A good leader of the future must excite the younger generation. Rahul doesn’t—not even in his own party. He is trying to be a “rebel and a reformist” at the same time. He seems peeved and annoyed at the present dispensation which is governed and dictated by his own Mother and her coterie but he does neither have the guts to take them head on and present a’ viable and credible set of alternatives’ in the larger interest of the party. Fuming and fretting at the system of whose product he himself has been and yet he does not have the courage to break free.
He seems to have little understanding of the ground reality of the country and its complex set of problems. He is not able to understand that politics and operating political system in India does not depend on electronic gadgets and’ alt+shift+control’ method. Perhaps he needs to remind himself that leadership does not necessarily require high educational qualifications. K.Kamaraj, the former Chief Minister of Tamil Nadu, who subsequently became the President of the Congress (I) and played a key role in post-Nehru transition, was hardly educated and hardly knew Hindi. And yet, he turned out to be one of the successful leaders produced by India.
The funniest part of his comment was on his matrimony and its relationship with politics. Here, he appears to be swinging between ‘Gandhi and Gautam Buddha” He explanation is ludicrous and if that was the case, then perhaps many senior politicians in India and the world have been without matrimony and childless.
Finally, Rahul Gandhi has made “Mahatma Gandhi as his “Guru”. But then, he should also remind himself that it was Mahatma Gandhi who had asked to dismantle the Congress party after the independence. One wonders if RG too has the same kind of ideas or otherwise.
Under such circumstances, the Congress (I) will be doing a tremendous disservice to itself and the country if its tries to have him imposed initially on the party and then on the country as the next Prime Minister of India. Apart from the fact that he has come from a highly privileged political family, which has made a tremendous contribution to the nation, he is yet to demonstrate any qualities which compel attention and could make us look upon him as a leader of the future.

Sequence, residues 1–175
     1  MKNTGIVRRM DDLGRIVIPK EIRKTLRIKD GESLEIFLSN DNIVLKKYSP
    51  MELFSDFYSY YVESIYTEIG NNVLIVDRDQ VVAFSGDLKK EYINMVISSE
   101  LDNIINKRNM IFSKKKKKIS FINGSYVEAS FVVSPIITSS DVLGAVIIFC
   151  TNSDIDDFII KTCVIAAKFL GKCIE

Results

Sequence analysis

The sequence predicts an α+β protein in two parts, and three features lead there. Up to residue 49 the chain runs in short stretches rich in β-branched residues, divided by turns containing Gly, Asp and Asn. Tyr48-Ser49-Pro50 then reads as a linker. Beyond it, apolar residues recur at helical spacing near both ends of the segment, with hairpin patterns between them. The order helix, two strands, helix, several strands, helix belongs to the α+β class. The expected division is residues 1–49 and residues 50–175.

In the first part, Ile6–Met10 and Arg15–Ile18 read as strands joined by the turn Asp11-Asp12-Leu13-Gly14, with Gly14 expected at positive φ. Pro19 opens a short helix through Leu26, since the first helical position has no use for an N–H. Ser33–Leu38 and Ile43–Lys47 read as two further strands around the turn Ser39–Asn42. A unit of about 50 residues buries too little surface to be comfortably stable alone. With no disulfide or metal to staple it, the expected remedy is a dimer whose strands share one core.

It is important to have an objective and balanced debate on this subject devoid of rhetoric, abuses and ideological arguments so that we have a complete picture of him before our eyes on the basis of which we can decide whether he is fit to lead India in the difficult years to come. Of course, there are people like Rashid Alvi and Rajiv Shuklas who continue to sing the song of” sacrifice’ of the Gandhi family and always come out with laughable explanations to support his actions. But they don’t understand the fact that 70 percent of young voters in India would need to be convinced by his words and deed to be worthy of leading the country. If the Congress (I) expects the people of this country to seriously consider him as a potential leader, he should not be treated as a sacred cow which has to be accepted by the people without any scrutiny.
Rahul Gandhi would still cover a lot of ground by taking the sane advice of a few senior Congress leaders and learn the rope of politics. However, the biggest question is: would he come out of those fixed ideas and fixations which have been injected into his mind by a few half -baked, technocrats, bureaucrats, aristocrats and advocates forming his core team.